5 Things I’ve Learned As A Relationship Columnist For Women

Shutterstock.com.
Shutterstock.com.
For the last year and a half, I’ve penned a weekly relationship column for a fairly popular website whose target audience is college-aged females. Now, spoiler alert, I am not a female. When I first started writing for this site, I was kind of embarrassed about it. After all, I’m a college male writing relationship advice for college women. I can’t necessarily relate to their experiences, but that’s not my job. My job, as told to me by my editors, is to offer male insight into their conundrums.
It’s not an easy job. It’s actually kind of stressful considering that a lot of the questions I’m asked have — or appear to have — fairly common sense answers. I’m also restricted when it comes to what kind of answers I can give. Of course I’ve got to watch my language (a given, considering the site has a reputation to uphold), and I can’t be mean to these women (not that I would be, but sometimes I wish I could be a little more fervent in my replies).
Saying that this job has made me a cynic is, perhaps, an overstatement. My job as a paralegal working for a divorce attorney has made me a cynic, but my job writing relationship columns has not. Has it made me reluctant? Definitely. It’s almost as if I’ve cracked the code, at least partially. Like I’m looking into Pandora’s Box, sifting through all of the things that go through a woman’s head when she’s in a relationship — at least when she’s at this volatile stage in life we call “college.”
Regardless, I’ve learned a variety of things from this gig that will hopefully help me someday down the road. To help prevent a lot of the “common sense” problems these girls come to me with, I thought I’d share the lessons I’ve learned.

1. Communication is key.

This is one of those things that would seem to fall under the category of “common sense,” yet I’ve come across too many couples these days that just don’t talk to each other. Too often questions like “What’s wrong?” are met with answers like “Nothing” or “I’m fine”, which then devolve into arguments or dirty looks. A lot of the problems that come rolling my way are solved — or at least aided — with one simple activity: Discussion. If you have a problem with something your significant other is doing, talk about it. Passive actions will get you nowhere, and more often than not, they’ll only make things worse.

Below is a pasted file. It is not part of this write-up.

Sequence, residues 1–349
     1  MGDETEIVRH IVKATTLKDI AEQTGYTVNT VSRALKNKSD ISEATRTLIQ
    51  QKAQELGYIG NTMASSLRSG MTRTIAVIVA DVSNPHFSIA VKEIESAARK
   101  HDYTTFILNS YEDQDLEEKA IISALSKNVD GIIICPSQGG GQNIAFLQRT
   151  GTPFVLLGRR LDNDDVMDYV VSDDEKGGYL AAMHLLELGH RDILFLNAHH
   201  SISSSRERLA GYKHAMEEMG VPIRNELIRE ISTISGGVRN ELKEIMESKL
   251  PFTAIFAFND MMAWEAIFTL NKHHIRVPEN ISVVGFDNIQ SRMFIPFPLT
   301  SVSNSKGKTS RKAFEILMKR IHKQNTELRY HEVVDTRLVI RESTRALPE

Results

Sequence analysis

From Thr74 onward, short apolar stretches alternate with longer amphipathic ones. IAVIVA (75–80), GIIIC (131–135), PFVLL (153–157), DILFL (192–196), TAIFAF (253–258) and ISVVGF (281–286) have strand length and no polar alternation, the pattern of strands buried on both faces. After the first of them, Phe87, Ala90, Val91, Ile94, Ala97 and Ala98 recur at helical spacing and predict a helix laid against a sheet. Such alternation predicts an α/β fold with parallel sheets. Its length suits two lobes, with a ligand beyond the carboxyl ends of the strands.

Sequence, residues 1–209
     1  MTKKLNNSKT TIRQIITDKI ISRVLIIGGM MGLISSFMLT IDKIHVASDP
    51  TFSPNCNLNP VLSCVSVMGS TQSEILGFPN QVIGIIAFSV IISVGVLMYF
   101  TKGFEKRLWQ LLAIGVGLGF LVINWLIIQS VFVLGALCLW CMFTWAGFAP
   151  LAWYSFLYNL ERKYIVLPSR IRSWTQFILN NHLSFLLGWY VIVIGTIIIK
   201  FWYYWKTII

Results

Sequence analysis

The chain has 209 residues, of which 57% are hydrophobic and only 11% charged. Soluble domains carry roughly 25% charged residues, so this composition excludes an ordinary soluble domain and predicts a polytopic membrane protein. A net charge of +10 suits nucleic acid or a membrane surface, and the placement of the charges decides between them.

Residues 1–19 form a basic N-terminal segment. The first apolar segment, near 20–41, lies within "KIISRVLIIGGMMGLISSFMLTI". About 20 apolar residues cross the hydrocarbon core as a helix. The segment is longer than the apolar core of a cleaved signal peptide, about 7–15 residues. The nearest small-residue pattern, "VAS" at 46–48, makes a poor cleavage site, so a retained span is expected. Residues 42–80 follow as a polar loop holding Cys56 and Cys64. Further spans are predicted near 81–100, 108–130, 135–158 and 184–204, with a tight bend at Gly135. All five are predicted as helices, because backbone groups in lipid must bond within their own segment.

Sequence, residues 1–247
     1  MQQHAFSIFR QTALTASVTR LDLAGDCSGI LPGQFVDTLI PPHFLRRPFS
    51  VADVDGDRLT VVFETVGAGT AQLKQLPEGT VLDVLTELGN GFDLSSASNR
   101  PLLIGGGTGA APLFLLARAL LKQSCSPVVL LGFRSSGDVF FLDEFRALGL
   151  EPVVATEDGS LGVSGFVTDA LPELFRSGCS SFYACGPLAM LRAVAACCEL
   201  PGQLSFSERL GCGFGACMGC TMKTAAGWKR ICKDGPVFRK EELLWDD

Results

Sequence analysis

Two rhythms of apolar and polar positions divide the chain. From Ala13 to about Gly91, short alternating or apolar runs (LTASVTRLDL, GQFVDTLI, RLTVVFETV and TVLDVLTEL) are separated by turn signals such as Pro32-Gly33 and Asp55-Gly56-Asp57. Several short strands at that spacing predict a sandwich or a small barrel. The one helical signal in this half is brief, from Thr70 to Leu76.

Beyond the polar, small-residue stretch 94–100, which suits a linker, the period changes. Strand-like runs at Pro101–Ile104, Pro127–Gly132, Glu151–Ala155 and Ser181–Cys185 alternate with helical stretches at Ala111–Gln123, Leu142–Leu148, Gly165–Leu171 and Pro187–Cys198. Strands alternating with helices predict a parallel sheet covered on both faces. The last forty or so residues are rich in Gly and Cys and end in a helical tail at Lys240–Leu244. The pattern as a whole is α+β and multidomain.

Here’s the thing though: You can’t always rely on someone else to say the first word. If you sense that something is awry, then you shouldn’t have an issue with bringing it up. Otherwise you’re just letting the responsibility fall onto someone else’s shoulders, which is then going to snowball into bigger issues. Such as: Why hasn’t he/she said anything? Doesn’t he/she know something’s wrong? Doesn’t he/she care?

If you don’t talk things out, the air surrounding your relationship will remain stagnant and may eventually turn toxic. Communication means clearing the air.

2. Don’t make assumptions.

If I had a nickel for every time someone asked me if their significant other was cheating, I’d…well, I wouldn’t have enough to pay back my student loans but I’d definitely have enough money for Starbucks for at least a month.

Look, just because your boyfriend isn’t putting out doesn’t mean he no longer finds you attractive. Just because your girlfriend isn’t in the mood doesn’t mean she’s getting it somewhere else. Jumping to conclusions will do one of two things:

1) Seriously damage you and/or your partner’s trust, or
2) Ruin the relationship completely.

By making assumptions, you’re violating that rule about communication (see above), and you’re showing that you don’t trust your partner enough to address a potential issue head on. You’re showing that you don’t respect the relationship enough to potentially save it from disaster.